Marketing Your ICO in 18 Days: The Incomplete Guide
SovereignWallet is run by truly brilliant engineers, who have created a first-of-its-kind messenger-style cryptocurrency wallet with banking grade security. Like many of the engineering-focused companies we work with, marketing came into consideration late in the process.
When we signed a contract to support them with marketing, their messaging, website, social media channels, explainer videos and online community were all incomplete.
That was just 18 days ago. Tomorrow we’re hosting their token sale launch at the Ritz-Carlton in Singapore. And they’re ready. How did they make so much progress so quickly?
“Marketing doesn’t happen on its own or over night, even if your solution really is a game changer,” said my co-founder and G3 Partners’ CEO, Nathan Millard.
“There’s definitely a correlation between planning and the overall success of a campaign.”
Eighteen days is less-than-ideal to do all of the marketing leading up to a token sale. “It’s never too late to come to us for marketing support,” Nathan said. “But if you come to us early there’s a lot more that we can do.”
Planning is Paramount
SovereignWallet account manager Mariana Peralta recommends that companies plan their formal marketing campaigns to start at least two months in advance of the token sale launch, but three months is even better. “Building your community on forums like reddit and BitcoinTalk is extremely important and it takes at least a month of effort to build up your karma or status level. It literally can’t be done in a day, no matter how smart you are or how hard you work or how much you pay,” she said.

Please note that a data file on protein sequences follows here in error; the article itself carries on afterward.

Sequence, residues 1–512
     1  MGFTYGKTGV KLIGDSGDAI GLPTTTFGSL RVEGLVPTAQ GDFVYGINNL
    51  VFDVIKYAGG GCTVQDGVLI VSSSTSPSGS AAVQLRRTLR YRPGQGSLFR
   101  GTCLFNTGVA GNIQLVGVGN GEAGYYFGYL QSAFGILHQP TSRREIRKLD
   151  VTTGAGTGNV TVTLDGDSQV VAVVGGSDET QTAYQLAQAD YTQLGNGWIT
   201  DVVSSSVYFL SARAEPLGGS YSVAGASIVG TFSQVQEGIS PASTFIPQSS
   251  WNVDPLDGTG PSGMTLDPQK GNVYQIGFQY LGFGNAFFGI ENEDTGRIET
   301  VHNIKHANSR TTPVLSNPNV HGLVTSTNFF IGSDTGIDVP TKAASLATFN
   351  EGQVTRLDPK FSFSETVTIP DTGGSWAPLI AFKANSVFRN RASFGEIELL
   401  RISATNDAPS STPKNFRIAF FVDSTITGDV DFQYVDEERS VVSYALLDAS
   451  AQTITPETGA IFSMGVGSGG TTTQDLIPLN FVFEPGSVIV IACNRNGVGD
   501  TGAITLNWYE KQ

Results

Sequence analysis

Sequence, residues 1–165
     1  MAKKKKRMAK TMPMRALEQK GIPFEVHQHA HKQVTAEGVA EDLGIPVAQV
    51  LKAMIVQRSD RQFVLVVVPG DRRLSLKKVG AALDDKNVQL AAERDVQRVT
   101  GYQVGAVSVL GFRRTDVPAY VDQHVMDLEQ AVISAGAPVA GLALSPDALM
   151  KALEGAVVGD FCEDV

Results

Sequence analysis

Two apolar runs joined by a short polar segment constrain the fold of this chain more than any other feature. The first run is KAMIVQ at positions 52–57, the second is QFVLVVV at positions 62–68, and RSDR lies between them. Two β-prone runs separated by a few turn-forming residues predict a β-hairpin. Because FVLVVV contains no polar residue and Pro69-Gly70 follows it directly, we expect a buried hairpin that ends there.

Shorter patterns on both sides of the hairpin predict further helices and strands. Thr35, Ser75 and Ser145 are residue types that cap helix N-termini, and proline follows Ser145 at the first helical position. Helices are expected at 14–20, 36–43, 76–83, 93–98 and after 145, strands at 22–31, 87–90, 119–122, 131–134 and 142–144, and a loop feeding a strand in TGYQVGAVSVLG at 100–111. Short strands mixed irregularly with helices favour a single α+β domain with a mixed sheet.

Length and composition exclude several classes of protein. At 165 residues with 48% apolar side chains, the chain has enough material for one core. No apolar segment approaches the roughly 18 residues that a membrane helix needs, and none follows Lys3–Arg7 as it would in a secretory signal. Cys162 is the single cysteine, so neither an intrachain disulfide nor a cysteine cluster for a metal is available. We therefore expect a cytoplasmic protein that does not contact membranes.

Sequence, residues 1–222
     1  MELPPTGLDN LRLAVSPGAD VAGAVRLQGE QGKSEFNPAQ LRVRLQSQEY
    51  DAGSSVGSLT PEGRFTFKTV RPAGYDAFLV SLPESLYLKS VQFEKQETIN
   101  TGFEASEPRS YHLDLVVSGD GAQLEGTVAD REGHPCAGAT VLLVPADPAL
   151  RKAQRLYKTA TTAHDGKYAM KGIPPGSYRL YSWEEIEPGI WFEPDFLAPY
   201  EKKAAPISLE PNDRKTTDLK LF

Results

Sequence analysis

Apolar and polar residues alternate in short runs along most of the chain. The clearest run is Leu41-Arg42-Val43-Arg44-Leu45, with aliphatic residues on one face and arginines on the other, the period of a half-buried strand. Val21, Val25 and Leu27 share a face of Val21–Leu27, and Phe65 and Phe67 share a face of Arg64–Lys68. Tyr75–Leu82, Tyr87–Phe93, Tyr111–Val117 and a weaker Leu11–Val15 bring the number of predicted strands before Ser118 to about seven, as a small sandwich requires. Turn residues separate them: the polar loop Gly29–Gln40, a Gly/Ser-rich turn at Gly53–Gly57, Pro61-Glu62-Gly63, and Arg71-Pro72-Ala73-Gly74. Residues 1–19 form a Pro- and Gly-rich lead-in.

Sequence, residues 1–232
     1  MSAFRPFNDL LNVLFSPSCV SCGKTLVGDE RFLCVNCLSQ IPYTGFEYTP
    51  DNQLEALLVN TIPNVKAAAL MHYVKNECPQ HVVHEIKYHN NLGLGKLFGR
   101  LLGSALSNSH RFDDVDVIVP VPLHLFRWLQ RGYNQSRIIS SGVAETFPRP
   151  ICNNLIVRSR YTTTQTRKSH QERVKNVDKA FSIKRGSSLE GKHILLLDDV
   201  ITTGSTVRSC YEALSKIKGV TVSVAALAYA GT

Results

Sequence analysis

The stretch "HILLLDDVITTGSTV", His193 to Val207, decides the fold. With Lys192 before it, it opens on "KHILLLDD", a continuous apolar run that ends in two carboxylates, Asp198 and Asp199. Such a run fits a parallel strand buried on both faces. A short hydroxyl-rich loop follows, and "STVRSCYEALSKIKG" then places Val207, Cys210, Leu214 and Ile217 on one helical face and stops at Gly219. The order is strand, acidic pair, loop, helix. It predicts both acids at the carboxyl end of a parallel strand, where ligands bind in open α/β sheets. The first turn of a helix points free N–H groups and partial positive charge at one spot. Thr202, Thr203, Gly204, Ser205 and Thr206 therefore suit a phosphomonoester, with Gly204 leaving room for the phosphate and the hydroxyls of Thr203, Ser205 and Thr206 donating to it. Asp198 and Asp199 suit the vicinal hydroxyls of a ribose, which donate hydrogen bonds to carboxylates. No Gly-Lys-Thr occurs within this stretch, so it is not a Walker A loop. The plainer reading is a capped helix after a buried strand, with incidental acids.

If you are faced with a time crunch, however, there are some steps you can take to make your efforts more efficient.
“One key to getting things done quickly is to cut out layers in the communication. Make sure you’re talking directly to the decision maker,” Mariana said. “Working very quickly isn’t ideal, but we proved with previous clients like Aston that we could do it and create a good result.”
She also mentioned the importance of identifying things that need client approval to move forward, and those that can be executed without client approval. “Some things like opening social media channels using existing images, can be done without client approval and can start making an impact immediately,” she said.
G3’s finance manager, Soo Kang, who is helping to organize SovereignWallet’s Singapore launch event recommends finding good vendors to help compress your timeline and act as your “hands and feet on the ground”.
“We were considering two venues for the launch event and ended up going for the one with a more active and positive event manager, who was always willing to take my calls and creative enough to make things happen,” Soo said.
Get Close to the Action
Kevin spent a full week working directly from the client’s Seoul office, sitting right next to the developer who implemented his website design. “I’ve never had this kind of opportunity to sit directly with the web developer. It made things so smooth. When I worked in London the web developers were all in Poland and our closest interaction was through video chat.”